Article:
In 2014, the Dutch government collected 23.9 billion euros in environmental taxes and levies. Yearly revenues have ranged between 23 and 24 billion euros over the past few years, Statistics Netherlands reports. Households paid 66 eurocents out of each euro of these revenues, with the remaining 34 eurocents paid by the private sector. Environmental taxes and levies made up 16.2 percent of total tax revenues. Dutch environmental taxes and levies are relatively high in comparison with other EU countries.
Taxes mainly on vehicles, fuel and energy consumption
The Dutch government collected 19.4 billion euros in environmental taxes and 4.5 billion in environmental levies. The taxes are used towards the government’s general reserve, and are mainly linked to the ownership and use of cars or motorcycles as well as to energy consumption. Major items are the motor vehicle tax (5.4 billion), excise duties on fuel (7.9 billion) and energy taxes on natural gas and electricity (4.4 billion). Environmental levies are used to finance specific environmental targets such as waste collection levies, refuse collection fees and sewerage charges. A leading trend over the past few years is that the government has received less revenue from BPM (motor vehicle purchasing tax) and more from road tax. The share of environmental taxes and levies in total tax revenues has remained quite stable over the past twenty years.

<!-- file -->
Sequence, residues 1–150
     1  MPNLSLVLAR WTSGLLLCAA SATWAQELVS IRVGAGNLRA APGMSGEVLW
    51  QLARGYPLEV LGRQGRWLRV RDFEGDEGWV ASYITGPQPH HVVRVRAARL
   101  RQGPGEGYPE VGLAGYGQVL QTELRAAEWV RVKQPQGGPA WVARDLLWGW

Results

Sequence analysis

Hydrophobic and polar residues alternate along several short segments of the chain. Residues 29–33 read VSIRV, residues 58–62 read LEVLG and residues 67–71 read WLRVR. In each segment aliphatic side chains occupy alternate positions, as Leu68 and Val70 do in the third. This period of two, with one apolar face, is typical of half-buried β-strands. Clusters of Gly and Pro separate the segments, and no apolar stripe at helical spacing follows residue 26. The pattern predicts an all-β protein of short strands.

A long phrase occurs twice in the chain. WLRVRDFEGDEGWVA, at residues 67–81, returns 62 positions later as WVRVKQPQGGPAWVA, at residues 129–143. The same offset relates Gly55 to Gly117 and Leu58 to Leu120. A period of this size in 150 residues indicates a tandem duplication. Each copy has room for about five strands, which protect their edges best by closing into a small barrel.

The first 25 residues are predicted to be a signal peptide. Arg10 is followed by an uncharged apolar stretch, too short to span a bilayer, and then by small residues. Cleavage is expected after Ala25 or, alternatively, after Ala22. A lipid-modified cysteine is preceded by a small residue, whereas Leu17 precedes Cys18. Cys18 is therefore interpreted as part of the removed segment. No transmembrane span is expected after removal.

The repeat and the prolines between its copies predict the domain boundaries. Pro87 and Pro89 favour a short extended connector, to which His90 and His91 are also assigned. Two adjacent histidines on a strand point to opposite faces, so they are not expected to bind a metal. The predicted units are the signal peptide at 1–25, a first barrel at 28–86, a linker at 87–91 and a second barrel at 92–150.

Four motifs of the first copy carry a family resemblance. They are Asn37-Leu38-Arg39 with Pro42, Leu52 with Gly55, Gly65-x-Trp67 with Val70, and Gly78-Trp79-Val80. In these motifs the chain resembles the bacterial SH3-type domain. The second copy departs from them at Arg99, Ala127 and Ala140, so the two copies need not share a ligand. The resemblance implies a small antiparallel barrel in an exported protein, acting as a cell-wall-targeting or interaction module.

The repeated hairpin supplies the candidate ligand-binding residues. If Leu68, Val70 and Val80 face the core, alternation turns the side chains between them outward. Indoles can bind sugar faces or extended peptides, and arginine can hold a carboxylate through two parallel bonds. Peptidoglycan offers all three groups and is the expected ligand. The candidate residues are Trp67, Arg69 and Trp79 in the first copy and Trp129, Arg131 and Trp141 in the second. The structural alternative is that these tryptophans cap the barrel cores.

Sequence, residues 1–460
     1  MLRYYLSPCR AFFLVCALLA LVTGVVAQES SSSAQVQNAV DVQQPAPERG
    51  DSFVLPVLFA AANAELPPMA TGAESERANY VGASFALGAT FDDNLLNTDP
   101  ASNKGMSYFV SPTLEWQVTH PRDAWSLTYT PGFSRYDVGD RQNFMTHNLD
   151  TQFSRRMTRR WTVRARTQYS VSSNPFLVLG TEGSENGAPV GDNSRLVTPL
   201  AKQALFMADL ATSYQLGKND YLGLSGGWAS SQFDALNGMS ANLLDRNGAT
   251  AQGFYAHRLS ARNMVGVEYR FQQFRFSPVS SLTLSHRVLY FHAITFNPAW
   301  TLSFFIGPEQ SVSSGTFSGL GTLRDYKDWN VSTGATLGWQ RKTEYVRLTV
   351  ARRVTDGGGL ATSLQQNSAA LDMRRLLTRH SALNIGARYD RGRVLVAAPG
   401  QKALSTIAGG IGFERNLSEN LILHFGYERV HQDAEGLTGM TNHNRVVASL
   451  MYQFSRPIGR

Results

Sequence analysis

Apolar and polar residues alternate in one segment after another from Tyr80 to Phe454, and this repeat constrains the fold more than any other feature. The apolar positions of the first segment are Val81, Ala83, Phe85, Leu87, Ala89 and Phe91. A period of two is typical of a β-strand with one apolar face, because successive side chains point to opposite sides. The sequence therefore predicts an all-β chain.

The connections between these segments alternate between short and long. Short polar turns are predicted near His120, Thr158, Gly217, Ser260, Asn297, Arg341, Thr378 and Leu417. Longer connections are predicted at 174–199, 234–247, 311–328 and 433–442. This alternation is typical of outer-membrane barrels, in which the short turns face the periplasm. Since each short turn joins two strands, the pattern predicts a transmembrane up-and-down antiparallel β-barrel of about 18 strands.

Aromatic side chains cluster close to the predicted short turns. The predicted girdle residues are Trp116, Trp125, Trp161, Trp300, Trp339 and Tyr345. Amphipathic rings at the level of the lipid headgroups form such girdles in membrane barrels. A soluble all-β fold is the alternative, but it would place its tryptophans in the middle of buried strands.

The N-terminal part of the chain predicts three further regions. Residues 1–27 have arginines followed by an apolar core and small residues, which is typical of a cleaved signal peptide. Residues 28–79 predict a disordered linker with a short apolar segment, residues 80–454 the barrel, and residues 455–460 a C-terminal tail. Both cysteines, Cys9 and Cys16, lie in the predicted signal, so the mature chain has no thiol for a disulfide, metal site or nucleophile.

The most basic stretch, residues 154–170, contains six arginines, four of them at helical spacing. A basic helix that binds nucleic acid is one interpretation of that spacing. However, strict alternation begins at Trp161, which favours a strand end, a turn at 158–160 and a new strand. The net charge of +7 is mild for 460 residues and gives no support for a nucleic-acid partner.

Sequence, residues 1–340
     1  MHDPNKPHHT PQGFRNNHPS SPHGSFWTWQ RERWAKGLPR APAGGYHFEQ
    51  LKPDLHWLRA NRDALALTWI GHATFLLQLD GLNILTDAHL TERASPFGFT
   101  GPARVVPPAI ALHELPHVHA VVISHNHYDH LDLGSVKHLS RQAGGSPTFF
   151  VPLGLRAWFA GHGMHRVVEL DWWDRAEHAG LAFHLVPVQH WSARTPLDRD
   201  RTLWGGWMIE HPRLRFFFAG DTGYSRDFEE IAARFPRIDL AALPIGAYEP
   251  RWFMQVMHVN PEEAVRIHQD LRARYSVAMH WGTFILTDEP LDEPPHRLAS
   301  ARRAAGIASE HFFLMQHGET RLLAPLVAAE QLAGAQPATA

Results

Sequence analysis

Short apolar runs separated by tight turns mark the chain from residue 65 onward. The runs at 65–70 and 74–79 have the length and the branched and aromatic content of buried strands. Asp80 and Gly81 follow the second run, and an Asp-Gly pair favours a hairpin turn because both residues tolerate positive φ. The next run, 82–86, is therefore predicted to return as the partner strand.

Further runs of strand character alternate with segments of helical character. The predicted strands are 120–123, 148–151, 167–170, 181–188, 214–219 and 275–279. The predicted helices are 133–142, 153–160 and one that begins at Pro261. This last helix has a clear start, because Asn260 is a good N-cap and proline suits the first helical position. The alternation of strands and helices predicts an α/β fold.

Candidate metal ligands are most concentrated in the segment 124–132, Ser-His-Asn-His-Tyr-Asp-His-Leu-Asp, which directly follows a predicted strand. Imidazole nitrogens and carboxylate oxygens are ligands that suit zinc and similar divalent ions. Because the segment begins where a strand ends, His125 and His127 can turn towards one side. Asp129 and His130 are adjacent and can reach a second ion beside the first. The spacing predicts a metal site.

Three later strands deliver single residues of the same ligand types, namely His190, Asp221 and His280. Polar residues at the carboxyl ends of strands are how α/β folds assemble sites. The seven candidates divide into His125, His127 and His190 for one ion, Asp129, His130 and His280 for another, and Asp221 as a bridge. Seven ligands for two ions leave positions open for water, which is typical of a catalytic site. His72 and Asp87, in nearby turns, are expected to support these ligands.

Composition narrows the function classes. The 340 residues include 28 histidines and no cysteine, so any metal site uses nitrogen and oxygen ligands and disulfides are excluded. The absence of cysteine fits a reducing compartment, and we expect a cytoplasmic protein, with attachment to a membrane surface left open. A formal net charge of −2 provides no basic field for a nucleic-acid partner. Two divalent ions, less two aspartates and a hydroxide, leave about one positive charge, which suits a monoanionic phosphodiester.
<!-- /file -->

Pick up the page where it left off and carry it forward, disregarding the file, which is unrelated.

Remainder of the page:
Environmental taxes and levies high compared to other EU countries
Compared to other EU countries, environmental taxes and levies are relatively high in the Netherlands. In 2013, environmental taxes made up 9 percent of total tax revenues including social contributions. The percentage was higher only in Greece, Croatia, Bulgaria en Slovenia. In France and Belgium on the other hand, environmental taxes constituted a relatively minor portion of total revenues from taxes and social contributions (4.5 percent). In all EU countries, the bulk of environmental taxes consists of energy taxes. These constitute even more than 90 percent in the Czech Republic, Lithuania and Luxembourg.
Within Europe, the Netherlands ranks fifth in terms of revenues from environmental taxes relative to the size of the economy (the GDP). The proportion was 3.3 percent in 2013 versus an average of 2.5 in the whole EU. In Denmark, revenues from environmental taxes relative to the GDP were highest with 4.3 percent, while Lithuania had the lowest with 1.6 percent. Aside from environmental taxes, the government also makes other contributions towards the environment such as environmental subsidies. There are no data for international comparison available on these.
Source: StatLine, Environmental taxes and fees; revenues by taxpayer